'I don't hate you, I'm just mad,' Yosif Al-Hasnawi's mom tells paramedics at sentencing

Yosif Al-Hasnawi's mother says in a statement read at the sentencing of two Hamilton paramedics that the 19-year-old's death "feels like someone has ripped your heart out of your chest." The hearing for the men, found guilty of failing to give proper care to Al-Hasnawi after he was shot in 2017, continues Tuesday.

Prosecution wants 2½-year term after 2 men found guilty for failing to provide necessaries of life

Yosif Al-Hasnawi was shot and killed in Hamilton on Dec. 2, 2017. The two paramedics found guilty for failing to provide the necessaries of life to the 19-year-old now face their sentencing hearing. (Al-Mostafa Islamic Centre)

Amal Alzurufi sat still in a Hamilton courtroom while the Crown read her victim impact statement Monday, telling the judge at the sentencing hearing of two paramedics about how she almost died giving birth to her son, Yosif Al-Hasnawi, in 1998.

Al-Hasnawi barely survived then too.

"Thankfully, we were in the care of the most trusted people ... doctors, nurses and paramedics," read Linda Shin, one of two Crown prosecutors, at the hearing, which continues Tuesday.

Four years after Al-Hasnawi was shot and killed, Alzurufi sat across from Steven Snively and Christopher Marchant, who were found guilty in June of failing to provide the necessaries of life to her 19-year-old son in 2017.

Snively, 55, and Marchant, 32, both wore dark suits and sat nearly motionless during their first day of sentencing.

The landmark case in Canada marked the first time paramedics have been found guilty for a part in someone's death as a result of their actions while working. Experts have said it may change how emergency responders do their job.

Liberal MP for Hamilton West—Ancaster—Dundas, Filomena Tassi, paid her respects to Al-Hasnawi's mother, Amal Alzurufi, at a memorial for her son in 2017. (Laura Clementson/CBC)

Al-Hasnawi was shot outside of the Al-Mustafa Islamic Centre after trying to intervene as two people confronted an older man.

Snively and Marchant, who attended the scene, testified in their trial they thought a BB gun pellet hit Al-Hasnawi, but it was actually a .22-calibre handgun.

Ontario Superior Court Judge Harrison Arrell found they made numerous other mistakes including not leaving the scene fast enough, going to the wrong hospital, not following protocol for penetrating wounds and lifting him dangerously.

Al-Hasnawi died an hour after being shot because he was bleeding internally.

While the shooter was acquitted of second-degree murder in a decision now under appeal, the two paramedics are awaiting their sentencing.

Muslim community feels Canada has changed: statement

"I don't hate you, I'm just mad  … he didn't deserve to die like this," read Alzurufi's statement.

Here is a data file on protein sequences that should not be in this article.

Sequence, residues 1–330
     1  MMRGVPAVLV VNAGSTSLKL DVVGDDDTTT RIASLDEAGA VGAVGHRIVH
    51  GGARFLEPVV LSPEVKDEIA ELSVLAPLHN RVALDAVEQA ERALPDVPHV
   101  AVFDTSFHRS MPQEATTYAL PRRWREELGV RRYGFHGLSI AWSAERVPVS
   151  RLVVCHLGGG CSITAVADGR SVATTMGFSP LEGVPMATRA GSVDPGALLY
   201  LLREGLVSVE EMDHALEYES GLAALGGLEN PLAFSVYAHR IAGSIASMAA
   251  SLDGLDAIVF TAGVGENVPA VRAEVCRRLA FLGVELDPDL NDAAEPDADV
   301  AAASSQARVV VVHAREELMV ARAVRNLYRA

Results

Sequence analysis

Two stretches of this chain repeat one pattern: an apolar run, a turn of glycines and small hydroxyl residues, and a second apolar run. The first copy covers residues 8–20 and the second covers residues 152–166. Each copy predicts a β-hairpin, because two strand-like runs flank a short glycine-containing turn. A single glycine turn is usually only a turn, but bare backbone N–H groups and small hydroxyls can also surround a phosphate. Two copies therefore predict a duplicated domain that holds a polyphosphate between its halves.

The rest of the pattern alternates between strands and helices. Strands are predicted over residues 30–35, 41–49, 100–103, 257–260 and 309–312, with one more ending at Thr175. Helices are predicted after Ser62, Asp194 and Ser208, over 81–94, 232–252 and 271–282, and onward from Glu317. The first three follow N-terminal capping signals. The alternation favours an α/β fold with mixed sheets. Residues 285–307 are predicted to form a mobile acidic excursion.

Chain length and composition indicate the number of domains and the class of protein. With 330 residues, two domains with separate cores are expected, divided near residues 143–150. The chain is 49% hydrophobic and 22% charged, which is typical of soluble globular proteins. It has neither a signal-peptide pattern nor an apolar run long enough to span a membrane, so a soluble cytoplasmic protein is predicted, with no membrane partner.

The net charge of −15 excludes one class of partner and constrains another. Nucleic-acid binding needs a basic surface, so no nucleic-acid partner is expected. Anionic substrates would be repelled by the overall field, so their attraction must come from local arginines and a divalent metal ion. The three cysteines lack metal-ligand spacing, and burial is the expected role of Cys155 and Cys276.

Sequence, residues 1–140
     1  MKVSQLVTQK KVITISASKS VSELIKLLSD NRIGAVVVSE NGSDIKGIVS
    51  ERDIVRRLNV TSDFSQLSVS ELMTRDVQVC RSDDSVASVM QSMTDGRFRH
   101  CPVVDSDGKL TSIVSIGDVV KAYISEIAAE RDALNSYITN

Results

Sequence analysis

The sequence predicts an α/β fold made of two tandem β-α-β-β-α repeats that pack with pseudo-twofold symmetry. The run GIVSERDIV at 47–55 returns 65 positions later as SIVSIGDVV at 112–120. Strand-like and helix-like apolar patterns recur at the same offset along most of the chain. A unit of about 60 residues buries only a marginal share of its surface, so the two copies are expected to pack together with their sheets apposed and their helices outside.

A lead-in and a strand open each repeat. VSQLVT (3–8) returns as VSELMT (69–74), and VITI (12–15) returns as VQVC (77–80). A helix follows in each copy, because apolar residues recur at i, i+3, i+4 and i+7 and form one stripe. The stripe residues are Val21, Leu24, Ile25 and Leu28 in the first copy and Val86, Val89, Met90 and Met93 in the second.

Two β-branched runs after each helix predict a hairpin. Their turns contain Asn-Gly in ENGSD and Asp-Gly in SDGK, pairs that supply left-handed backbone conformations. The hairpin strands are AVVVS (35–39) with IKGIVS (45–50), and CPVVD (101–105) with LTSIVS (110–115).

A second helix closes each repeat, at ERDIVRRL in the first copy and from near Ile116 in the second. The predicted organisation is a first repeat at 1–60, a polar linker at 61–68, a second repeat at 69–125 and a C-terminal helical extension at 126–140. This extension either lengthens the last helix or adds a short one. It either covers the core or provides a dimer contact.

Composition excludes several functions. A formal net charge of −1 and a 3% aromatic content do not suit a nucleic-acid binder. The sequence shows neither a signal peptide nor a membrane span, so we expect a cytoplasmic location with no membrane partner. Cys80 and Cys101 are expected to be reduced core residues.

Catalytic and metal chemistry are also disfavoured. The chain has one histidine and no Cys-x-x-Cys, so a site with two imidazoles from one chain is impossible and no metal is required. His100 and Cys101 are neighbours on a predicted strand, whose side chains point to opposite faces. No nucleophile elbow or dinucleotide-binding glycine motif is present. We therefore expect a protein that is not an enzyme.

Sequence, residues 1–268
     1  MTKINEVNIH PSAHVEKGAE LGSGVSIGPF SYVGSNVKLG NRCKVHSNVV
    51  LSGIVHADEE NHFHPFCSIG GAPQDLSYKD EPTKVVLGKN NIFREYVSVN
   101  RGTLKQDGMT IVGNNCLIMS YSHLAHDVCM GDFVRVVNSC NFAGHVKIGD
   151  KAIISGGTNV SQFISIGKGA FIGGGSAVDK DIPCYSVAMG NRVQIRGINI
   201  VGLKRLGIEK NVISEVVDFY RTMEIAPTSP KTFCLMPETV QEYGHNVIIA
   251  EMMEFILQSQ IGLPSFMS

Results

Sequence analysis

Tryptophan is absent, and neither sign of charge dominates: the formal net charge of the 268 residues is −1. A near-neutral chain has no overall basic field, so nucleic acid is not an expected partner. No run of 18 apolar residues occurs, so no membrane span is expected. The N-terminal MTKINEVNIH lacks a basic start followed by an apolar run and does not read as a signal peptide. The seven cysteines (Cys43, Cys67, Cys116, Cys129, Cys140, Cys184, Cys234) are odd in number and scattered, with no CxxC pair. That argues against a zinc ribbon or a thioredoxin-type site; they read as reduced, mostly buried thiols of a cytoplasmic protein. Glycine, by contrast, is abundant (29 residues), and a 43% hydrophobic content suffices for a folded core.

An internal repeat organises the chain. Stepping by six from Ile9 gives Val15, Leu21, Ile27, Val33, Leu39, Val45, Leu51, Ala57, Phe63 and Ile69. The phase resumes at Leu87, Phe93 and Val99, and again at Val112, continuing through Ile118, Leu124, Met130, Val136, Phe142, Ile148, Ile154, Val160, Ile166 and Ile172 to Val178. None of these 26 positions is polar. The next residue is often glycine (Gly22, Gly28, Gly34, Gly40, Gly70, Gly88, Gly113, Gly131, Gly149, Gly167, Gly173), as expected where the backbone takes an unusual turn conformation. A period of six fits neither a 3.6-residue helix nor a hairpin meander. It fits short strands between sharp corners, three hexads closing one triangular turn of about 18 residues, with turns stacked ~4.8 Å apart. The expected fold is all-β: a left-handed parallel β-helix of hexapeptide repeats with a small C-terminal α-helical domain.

"Nothing is more painful than losing a child. It feels like someone has ripped your heart out of your chest."

On Monday, Arrell heard other statements from Al-Hasnawi's brother, Ahmed, and father, Majed. They're both in Iraq observing Al-Hasnawi's burial site.

"Yosif was the backbone of the family and a part of me has been lost for good," Shin read on behalf of Ahmed.

"I can't remember being happy ever since he's been gone. I used to be a normal kid."

Firas Al Najim, human rights activist, and Al-Hasnawi's younger brother, Ahmed Al-Hasnawi, hold a photo of Yosif at a memorial in 2017. (Laura Clementson/CBC)

Al-Mostafa Islamic Centre director Amin Al-Tahir, another witness at the trial, wrote a statement saying Al-Hasnawi's death is being felt beyond Hamilton.

"The Muslim community feels that Canada has changed from the best, safe, secure and prosperous country in the world to a dangerous place which is no different than countries infested with violence and hate crimes," the statement says.

He added that Muslim families are afraid to seek help when in danger and afraid to leave their homes or pray in mosques.

Defence submissions to continue

Shin and fellow Crown prosecutor Scott Patterson requested Snively and Marchant serve a 2½-year sentence.

She said the paramedics showed no remorse for Al-Hasnawi or his family and "robbed" him of his only chance to survive. She emphasized the mistakes they made were especially egregious given they are experienced medical professionals with training.

Shin added it was proved beyond a reasonable doubt the paramedics caused Al-Hasnawi's death.

Arrell only heard part of the defence's submissions Monday. They're asking for a conditional sentence of six to nine months, followed by probation and 100 community service hours.

Michael DelGobbo, counsel for Snively, said his client is a first-time offender with a good family and respect from his work colleagues. He said Snively being fired and dealing with the stigma of the very public trial has made his life harder. 

He also read excerpts from multiple letters of support for Snively.

"Steven Snively is a valuable member of our community who always stepped forward and donated his time to numerous activities," read a letter from Mario Posteraro, the president of Local 256 of the Ontario Public Service Employees Union who was representing local paramedics.

Arrell said he'll hand down the sentences for the two paramedics at a later date.


Bobby Hristova is a reporter for CBC News in Hamilton. You can contact him at bobby.hristova@cbc.ca.

With files from Christine Rankin